This video says about itself:
Insightful interview with the late Georg Tabori. English Subtitle version. On the 23rd of July 2007 Georg Tabori died. One of the last great men of theater. Georg touched and influenced me as an artist in more ways that could be mentioned in this small space. This is a small tribute to Georg. It consists of an insightful interview given during our “Bajazzo” production, as well as some personal photos and videos I dug out of my archives. We’ll all miss you Georg.
By Stefan Steinberg:
Sustaining a humanist approach in the twentieth century: George Tabori (1914-2007)
The Hungarian-born playwright George Tabori (born György Tábori) has died in Berlin, at the age of 93. He continued to work actively in theatre until the end and the head of the Berliner Ensemble theatre and Tabori’s last employer, Claus Peymann, was proud to describe his friend as the oldest active director in the world. A warm, friendly man who sought close collaboration with his co-workers and actors, Tabori was held in high esteem by many of those he had worked with over a period of decades.
In the course of his turbulent life, Tabori lived through some of the most tumultuous social and political developments of the twentieth century—events and experiences which repeatedly found reflection in his work. Particularly in Germany, Tabori will be remembered as an author and playwright who repeatedly challenged his audience to address the historical legacy of fascism and the annihilation of the European Jews. His theatrical weapons were parody, his gallows humor and a readiness to provoke the attention of his audience. Tabori was capable of articulating some of the moral dilemmas and questions arising from some of the greatest crimes in history. His work falls short, however, because of the limitations of his approach.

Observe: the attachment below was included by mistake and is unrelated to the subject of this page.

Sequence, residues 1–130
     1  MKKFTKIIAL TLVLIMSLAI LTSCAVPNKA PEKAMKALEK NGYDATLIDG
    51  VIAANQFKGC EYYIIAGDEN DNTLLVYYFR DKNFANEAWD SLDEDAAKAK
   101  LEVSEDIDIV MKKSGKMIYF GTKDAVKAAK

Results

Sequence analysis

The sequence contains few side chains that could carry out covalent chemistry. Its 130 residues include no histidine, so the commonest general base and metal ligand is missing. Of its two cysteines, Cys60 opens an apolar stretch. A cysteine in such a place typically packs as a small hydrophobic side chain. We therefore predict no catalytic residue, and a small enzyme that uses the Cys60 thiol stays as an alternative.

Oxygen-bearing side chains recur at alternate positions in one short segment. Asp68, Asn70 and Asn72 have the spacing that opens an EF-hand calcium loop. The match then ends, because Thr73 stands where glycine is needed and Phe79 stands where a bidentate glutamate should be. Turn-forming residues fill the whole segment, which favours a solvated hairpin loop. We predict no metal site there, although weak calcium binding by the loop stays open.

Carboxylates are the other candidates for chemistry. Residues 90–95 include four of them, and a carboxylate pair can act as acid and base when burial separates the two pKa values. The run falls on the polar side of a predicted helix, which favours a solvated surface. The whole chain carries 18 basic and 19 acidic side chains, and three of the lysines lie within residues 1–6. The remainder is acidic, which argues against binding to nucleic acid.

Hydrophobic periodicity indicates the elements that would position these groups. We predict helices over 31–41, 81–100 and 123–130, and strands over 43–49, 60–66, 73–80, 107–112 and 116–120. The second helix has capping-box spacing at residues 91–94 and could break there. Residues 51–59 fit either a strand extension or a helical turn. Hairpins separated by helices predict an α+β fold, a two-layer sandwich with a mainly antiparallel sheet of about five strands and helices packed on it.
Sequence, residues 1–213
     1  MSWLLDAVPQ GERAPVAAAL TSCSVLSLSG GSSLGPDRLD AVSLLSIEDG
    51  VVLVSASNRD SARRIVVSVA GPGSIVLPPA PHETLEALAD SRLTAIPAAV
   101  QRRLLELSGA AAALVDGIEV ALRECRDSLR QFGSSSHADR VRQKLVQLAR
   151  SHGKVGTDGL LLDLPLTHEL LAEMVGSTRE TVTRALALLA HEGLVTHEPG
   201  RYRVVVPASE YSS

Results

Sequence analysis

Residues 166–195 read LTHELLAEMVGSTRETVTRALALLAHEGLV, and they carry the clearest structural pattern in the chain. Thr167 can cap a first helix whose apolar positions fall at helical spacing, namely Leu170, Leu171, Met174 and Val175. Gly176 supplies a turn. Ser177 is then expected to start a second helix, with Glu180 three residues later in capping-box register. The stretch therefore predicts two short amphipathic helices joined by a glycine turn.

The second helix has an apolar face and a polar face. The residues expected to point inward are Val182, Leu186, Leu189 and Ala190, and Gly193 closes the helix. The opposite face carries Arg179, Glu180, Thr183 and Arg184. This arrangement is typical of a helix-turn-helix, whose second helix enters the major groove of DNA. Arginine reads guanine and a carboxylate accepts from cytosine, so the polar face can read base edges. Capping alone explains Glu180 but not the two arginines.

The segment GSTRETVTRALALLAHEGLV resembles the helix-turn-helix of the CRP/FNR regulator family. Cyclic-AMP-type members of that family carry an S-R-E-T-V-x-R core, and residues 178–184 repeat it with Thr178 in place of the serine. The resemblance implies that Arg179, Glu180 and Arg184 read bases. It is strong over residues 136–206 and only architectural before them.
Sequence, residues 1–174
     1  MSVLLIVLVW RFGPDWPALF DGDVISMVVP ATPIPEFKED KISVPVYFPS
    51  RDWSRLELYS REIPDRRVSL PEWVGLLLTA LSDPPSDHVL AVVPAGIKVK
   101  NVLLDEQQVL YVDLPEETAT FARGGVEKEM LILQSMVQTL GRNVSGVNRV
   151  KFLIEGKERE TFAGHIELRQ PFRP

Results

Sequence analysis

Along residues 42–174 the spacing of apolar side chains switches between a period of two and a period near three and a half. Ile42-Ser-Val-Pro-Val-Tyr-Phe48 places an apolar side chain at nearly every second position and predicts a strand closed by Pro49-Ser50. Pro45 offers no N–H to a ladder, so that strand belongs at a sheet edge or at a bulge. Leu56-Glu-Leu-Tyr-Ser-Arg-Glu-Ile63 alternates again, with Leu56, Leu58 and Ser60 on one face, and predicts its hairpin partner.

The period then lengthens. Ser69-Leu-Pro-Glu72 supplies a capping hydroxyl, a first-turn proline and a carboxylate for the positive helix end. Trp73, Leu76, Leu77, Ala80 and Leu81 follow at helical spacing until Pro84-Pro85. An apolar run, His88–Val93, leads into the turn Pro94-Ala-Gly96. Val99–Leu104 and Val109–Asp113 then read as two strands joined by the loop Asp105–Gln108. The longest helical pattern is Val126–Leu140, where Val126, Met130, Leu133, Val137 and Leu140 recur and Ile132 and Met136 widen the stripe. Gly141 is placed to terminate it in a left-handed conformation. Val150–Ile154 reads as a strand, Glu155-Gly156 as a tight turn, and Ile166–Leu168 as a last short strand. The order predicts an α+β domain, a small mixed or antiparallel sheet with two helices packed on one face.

Tabori was born in Hungary, the son of a liberal-thinking Jewish father, the year the First World War broke out. Young George left Budapest in 1932 and began working in Berlin as a waiter in a major German hotel. …
In 1961 his collage piece Brecht on Brecht opened in the US to considerable success and was widely produced by resident and university theatres throughout the decade. …
Like Brecht himself, Tabori was also a victim of the anti-communist witch-hunt led by Senator Joseph McCarthy in the 1950s. In an interview later Tabori stated: “ I was blacklisted. I was not a communist, but I was blacklisted. I couldn’t work in TV—in the theatre there was no black list anywhere—but in TV or radio I was blacklisted. It was a very political time, the McCarthy time, we were all very political.”
The far Right in Hungary today: here.